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Ashcroft ousted in historic Senate race

November 08, 2000
By: Clayton Bellamy
State Capital Bureau

JEFFERSON CITY - Missourians handed John Ashcroft a dubious historical distinction Tuesday, making him the first senator ever to be defeated by a dead man.

Late governor Mel Carnahan, riding an eleventh-hour surge of St. Louis city votes, led Ashcroft 50-49 percent with 86 percent of precincts reporting. Major news organizations nationwide were calling the race for Carnahan.

Mel Carnahan died in a plane wreck while campaigning on Oct. 16. Roger Wilson, who became governor after the crash, said he would appoint Jean Carnahan if Mel Carnahan outpolled Ashcroft. The first lady later said she would accept the term which would expire under state law in 2002.

Missouri's Senate race was viewed by Democrats as one of several shots they had to cut into the GOP's slim Senate majority. Despite Carnahan's win, Republicans retained their grip on partisan control.

In record turnout for the state, voters lined up outside polling stations, sometimes waiting more than an hour to vote.

Long queues at St. Louis polling stations led a circuit court judge to hold city polling stations open past the 7 o'clock close in response to a Democratic petition. The GOP appealed and a higher court overruled, closing the polls after an additional hour of voting.

Those delayed St. Louis city returns -- long a Democratic stronghold and nearly 4-1 Democratic this year -- pushed Mel Carnahan past Ashcroft.

At Ashcroft's St. Louis party, Republicans were livid at the extended voting hours, which Ashcroft called "irregularities."

Sen. Kit Bond, R-Mo., cut his hand while angrily pounding the podium and promising the GOP faithful at the party that he would seek criminal charges under federal law.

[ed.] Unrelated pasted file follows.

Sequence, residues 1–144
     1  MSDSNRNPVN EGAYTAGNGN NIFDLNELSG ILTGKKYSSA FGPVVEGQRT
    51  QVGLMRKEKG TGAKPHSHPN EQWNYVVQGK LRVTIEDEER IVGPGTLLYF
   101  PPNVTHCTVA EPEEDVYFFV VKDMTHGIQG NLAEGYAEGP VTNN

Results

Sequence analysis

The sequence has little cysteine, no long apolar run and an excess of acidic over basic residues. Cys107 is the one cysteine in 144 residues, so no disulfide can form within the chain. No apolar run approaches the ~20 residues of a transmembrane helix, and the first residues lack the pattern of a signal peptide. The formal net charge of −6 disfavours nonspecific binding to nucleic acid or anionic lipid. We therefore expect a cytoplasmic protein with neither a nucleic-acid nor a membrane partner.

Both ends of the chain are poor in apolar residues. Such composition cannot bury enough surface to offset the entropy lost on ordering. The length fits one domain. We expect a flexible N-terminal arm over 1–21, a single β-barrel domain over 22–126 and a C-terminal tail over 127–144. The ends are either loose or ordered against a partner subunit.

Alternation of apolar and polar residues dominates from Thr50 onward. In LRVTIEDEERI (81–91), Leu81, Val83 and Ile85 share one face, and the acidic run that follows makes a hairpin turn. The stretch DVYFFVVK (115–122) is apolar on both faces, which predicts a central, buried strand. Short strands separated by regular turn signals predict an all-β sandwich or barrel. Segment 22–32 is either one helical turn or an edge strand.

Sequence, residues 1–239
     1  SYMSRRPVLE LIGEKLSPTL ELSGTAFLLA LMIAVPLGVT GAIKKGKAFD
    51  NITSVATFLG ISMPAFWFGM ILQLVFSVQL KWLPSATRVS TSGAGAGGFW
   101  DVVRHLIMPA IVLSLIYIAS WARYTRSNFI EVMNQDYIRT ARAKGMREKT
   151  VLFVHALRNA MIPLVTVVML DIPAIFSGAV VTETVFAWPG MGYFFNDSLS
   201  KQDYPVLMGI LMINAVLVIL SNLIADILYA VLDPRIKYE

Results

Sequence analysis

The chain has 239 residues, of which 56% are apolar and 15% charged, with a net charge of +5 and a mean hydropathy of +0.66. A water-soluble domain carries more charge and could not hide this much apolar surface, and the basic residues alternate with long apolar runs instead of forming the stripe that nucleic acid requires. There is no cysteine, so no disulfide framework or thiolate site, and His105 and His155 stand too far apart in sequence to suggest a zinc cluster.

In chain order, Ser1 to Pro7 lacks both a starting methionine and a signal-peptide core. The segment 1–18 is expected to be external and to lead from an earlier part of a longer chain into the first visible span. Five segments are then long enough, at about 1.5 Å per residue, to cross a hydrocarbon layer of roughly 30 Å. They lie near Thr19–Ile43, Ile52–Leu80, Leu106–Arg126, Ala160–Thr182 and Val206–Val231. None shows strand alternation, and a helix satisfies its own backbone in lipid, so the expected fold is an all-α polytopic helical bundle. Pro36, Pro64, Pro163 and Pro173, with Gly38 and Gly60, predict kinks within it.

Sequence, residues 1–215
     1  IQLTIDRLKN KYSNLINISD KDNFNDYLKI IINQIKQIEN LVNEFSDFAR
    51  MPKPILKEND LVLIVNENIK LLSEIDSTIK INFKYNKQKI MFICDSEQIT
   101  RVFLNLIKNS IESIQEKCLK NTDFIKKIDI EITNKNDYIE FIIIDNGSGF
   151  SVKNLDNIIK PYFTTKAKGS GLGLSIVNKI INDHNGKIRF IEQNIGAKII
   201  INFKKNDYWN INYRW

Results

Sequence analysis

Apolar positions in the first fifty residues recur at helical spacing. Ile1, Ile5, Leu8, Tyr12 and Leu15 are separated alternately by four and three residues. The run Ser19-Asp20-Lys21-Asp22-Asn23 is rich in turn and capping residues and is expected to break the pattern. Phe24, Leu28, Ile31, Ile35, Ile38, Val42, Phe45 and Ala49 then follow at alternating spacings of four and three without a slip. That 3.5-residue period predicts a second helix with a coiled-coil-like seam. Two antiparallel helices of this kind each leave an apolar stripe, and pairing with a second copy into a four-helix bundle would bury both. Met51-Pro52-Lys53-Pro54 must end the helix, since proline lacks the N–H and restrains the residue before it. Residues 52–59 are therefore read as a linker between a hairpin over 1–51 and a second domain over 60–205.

Reflecting the exciting and tight national race, also decided in the morning hours, Missouri's U.S. Senate contest represented the first time in U.S. history that a dead man was on a Senate ballot.

Republicans have raised a litany of legal questions surrounding Jean Carnahan's appointment, arguing that the first lady should have been a write-in candidate, that Wilson's forecasted appointment was illegal and that Mel Carnahan no longer met the Constitutional requirements for a U.S. senator.

Polls before Mel Carnahan died showed the race nip-and-tuck, and after Jean Carnahan entered that didn't change a lot, with polls putting her ahead but within the margins of error.

Jean Carnahan didn't run a "traditional" campaign, running only one commercial and appearing in limited news coverage.

The unusual nature of the match-up put Ashcroft in a "political straitjacket," according to MU political science professor Rick Hardy.

Ashcroft "seemed rather subdued while campaigning lately," Hardy said. "Everything was in a state of confusion. He'd be talking about issues but people would ask him about his reaction to Mel Carnahan's death."

Ashcroft led nearly all day until the returns from St. Louis began to pour in.

Jean Carnahan spent the day in the family farm in Rolla but phoned Democratic loyalists reveling in St. Louis.

"I pledge to you we will never let the fire go out," Jean Carnahan said in the call.

Secretary of State Bekki Cook had projected a voter turnout of about 2.4 million, or 66 percent of the state's 3.6 million registered voters. The day's actual turnout appeared to have slightly exceeded that prediction.

Missourians requested a large number of absentee ballots this year. Jim Grebing, spokesman for the secretary of state's office, said more absentee ballots were requested than in 1996, the previous presidential election year.

High turnout usually means a good showing for Democrats, Hardy said.

"This is a rare opportunity to cast a ballot," Hardy said. "There's probably people who've never cast a vote who voted for Jean Carnahan."

But Republicans also worked hard to get the vote out, a plan that paid dividends early in the day.

"We have all seen the air-war but most important is the ground war," said Ann Wagner, the state's GOP chairman. "For 21 months we've been establishing phone banks, volunteer networks, and making sure each county has a coordinator. The ground war only moves things marginally, maybe two or three points, but in a race this close, if we win, this (the ground war) is why."

John Hancock, the GOP's state executive director, said the party made about 3 million automated messages in the last week and more than 500,000 phone calls Tuesday.